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Title: Nitrogen-Coordinated Single Cobalt Atom Catalysts for Oxygen Reduction in Proton Exchange Membrane Fuel Cells

Due to the Fenton reaction, the presence of Fe and peroxide in electrodes generates free radicals causing serious degradation of the organic ionomer and the membrane. Pt-free and Fe-free cathode catalysts therefore are urgently needed for durable and inexpensive proton exchange membrane fuel cells (PEMFCs). In this paper, a high-performance nitrogen-coordinated single Co atom catalyst is derived from Co-doped metal-organic frameworks (MOFs) through a one-step thermal activation. Aberration-corrected electron microscopy combined with X-ray absorption spectroscopy virtually verifies the CoN 4 coordination at an atomic level in the catalysts. Through investigating effects of Co doping contents and thermal activation temperature, an atomically Co site dispersed catalyst with optimal chemical and structural properties has achieved respectable activity and stability for the oxygen reduction reaction (ORR) in challenging acidic media (e.g., half-wave potential of 0.80 V vs reversible hydrogen electrode (RHE). The performance is comparable to Fe-based catalysts and 60 mV lower than Pt/C -60 μg Pt cm -2). Fuel cell tests confirm that catalyst activity and stability can translate to high-performance cathodes in PEMFCs. Finally, the remarkably enhanced ORR performance is attributed to the presence of well-dispersed CoN 4 active sites embedded in 3D porous MOF-derived carbon particles, omitting any inactive Comore » aggregates.« less
 [1] ;  [2] ;  [3] ;  [4] ;  [5] ;  [5] ;  [6] ;  [7] ;  [6] ;  [6] ;  [7] ;  [4] ;  [8] ;  [3] ; ORCiD logo [6]
  1. Univ. at Buffalo, NY (United States). Dept. of Chemical and Biological Engineering; East China Univ. of Science and Technology, Shanghai (China). School of Mechanical and Power Engineering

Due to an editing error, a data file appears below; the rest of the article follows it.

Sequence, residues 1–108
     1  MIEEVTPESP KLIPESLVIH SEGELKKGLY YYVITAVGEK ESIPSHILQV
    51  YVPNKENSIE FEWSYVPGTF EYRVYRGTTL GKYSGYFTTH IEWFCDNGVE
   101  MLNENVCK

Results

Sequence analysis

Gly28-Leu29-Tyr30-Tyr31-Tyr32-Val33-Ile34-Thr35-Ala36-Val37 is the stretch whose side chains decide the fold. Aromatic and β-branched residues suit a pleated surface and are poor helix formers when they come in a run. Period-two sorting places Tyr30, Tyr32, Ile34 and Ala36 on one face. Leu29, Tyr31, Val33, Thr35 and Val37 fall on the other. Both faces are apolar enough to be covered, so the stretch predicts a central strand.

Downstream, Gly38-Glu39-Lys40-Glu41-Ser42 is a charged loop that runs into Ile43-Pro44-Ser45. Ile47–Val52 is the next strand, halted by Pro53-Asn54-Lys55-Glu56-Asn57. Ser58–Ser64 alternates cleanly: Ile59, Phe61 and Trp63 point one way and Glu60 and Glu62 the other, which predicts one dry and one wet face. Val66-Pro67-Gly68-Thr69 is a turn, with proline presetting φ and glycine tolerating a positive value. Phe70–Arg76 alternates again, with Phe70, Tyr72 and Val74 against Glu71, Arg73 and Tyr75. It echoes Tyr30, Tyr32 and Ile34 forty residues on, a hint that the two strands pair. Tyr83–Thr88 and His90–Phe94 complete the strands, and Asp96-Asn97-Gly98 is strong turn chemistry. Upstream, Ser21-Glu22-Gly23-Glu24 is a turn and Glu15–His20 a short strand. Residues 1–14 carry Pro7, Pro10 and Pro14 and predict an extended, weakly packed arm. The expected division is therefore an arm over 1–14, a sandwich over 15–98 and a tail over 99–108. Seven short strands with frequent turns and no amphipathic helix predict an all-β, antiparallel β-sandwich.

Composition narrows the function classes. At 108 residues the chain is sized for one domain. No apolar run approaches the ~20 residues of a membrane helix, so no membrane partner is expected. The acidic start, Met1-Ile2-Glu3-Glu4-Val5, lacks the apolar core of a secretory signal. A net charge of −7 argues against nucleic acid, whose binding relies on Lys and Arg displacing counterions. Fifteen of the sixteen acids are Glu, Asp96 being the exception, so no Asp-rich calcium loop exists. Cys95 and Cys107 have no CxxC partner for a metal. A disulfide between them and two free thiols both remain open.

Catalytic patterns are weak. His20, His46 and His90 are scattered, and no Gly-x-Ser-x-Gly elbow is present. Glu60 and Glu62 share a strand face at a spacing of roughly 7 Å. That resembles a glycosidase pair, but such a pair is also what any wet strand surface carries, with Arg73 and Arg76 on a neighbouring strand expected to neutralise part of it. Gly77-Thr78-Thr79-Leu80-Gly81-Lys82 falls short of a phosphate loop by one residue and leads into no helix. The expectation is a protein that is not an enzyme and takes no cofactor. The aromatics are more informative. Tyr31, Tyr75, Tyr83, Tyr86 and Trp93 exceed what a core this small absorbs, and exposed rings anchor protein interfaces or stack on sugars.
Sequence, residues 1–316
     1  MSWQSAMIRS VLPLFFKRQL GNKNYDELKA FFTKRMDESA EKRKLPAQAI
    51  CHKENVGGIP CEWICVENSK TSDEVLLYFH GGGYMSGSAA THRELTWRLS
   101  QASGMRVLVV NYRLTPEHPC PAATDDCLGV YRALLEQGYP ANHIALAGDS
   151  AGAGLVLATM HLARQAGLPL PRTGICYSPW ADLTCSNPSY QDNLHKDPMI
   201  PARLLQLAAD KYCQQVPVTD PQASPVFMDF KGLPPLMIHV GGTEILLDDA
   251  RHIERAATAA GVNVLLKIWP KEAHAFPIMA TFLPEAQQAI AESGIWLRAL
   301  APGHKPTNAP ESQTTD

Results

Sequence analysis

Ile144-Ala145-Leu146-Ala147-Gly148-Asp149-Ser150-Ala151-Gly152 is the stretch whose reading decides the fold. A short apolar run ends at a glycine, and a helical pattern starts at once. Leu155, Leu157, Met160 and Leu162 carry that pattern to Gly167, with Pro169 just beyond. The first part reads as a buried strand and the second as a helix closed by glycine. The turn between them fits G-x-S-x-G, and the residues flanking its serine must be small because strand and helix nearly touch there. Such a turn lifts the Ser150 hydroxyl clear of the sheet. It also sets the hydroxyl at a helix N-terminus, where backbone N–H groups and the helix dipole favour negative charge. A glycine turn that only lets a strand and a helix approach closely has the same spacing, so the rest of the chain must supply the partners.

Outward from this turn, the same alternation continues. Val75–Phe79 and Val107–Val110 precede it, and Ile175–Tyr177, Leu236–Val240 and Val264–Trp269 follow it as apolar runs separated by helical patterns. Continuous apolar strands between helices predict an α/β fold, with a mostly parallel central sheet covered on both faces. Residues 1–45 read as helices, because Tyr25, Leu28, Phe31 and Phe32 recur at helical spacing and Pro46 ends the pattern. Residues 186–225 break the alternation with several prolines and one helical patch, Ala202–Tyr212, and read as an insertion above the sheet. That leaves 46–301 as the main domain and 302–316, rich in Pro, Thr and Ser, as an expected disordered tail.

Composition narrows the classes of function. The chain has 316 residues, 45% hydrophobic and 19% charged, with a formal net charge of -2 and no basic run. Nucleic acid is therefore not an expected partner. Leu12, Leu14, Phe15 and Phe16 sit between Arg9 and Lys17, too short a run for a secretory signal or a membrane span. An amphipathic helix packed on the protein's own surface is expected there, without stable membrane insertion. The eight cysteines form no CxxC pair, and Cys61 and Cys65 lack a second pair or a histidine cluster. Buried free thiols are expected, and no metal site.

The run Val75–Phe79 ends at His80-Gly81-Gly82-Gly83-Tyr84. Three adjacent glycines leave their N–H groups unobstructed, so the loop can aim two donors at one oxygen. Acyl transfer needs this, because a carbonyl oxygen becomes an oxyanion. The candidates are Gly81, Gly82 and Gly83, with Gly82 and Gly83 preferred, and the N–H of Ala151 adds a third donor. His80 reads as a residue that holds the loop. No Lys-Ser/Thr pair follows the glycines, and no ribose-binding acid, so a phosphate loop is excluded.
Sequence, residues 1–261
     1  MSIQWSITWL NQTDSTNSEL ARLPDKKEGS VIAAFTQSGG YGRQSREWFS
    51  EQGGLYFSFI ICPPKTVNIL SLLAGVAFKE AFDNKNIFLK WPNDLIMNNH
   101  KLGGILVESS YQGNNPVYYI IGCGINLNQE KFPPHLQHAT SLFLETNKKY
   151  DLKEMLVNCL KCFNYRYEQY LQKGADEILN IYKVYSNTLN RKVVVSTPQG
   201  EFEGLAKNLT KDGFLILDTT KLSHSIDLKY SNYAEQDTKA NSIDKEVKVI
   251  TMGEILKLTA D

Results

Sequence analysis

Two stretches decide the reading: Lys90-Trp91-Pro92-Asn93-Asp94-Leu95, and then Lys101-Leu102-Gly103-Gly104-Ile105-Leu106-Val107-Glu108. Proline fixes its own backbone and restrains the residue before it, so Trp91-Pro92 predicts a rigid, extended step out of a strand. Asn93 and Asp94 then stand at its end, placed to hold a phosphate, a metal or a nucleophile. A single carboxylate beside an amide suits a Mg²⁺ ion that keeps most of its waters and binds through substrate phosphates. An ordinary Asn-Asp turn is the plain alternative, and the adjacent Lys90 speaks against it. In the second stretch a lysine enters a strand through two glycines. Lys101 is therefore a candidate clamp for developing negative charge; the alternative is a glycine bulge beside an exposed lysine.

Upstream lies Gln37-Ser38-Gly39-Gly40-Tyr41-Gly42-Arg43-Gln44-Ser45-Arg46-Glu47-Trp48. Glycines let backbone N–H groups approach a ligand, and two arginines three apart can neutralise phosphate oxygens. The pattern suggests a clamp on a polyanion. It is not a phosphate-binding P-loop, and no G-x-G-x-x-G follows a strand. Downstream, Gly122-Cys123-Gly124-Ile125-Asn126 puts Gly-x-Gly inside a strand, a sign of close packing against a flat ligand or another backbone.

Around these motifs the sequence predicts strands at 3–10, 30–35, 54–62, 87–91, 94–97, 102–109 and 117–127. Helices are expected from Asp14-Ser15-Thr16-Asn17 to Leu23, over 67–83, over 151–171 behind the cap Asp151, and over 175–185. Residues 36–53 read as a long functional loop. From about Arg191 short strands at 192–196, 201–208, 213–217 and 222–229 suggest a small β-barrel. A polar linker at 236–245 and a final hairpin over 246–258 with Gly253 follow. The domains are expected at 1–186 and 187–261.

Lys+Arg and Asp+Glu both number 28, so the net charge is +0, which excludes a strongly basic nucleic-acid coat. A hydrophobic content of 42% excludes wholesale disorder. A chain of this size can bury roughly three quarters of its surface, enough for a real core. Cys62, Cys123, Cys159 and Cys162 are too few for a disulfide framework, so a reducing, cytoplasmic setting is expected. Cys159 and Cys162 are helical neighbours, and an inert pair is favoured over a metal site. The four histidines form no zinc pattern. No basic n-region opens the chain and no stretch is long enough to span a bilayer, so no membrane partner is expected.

2. Oak Ridge National Lab. (ORNL), Oak Ridge, TN (United States). Materials Science and Technology Division
  3. Los Alamos National Lab. (LANL), Los Alamos, NM (United States)
  4. Brookhaven National Lab. (BNL), Upton, NY (United States). Center for Functional Nanomaterials
  5. Oregon State Univ., Corvallis, OR (United States). School of Chemical, Biological, and Environmental Engineering
  6. Univ. at Buffalo, NY (United States). Dept. of Chemical and Biological Engineering
  7. Pacific Northwest National Lab. (PNNL), Richland, WA (United States)
  8. Oak Ridge National Lab. (ORNL), Oak Ridge, TN (United States). Center for Nanophase Materials Sciences
Publication Date:
Grant/Contract Number:
AC05-00OR22725; AC02-06CH11357; SC0012704; CBET-1604392; 16ZR1408600
Accepted Manuscript
Journal Name:
Advanced Materials
Additional Journal Information:
Journal Volume: 30; Journal Issue: 11; Journal ID: ISSN 0935-9648
Research Org:
Oak Ridge National Lab. (ORNL), Oak Ridge, TN (United States); Brookhaven National Lab. (BNL), Upton, NY (United States); Univ. at Buffalo, NY (United States); East China Univ. of Science and Technology, Shanghai (China)
Sponsoring Org:
USDOE Office of Energy Efficiency and Renewable Energy (EERE), Fuel Cell Technologies Office (EE-3F); USDOE Office of Science (SC); National Science Foundation (NSF); Shanghai Natural Science Foundation of China
Country of Publication:
United States
37 INORGANIC, ORGANIC, PHYSICAL, AND ANALYTICAL CHEMISTRY; carbon nanocomposites; electrocatalysis; oxygen reduction; proton exchange membrane fuel cells; single atomic Co
OSTI Identifier:
Alternate Identifier(s):
OSTI ID: 1417922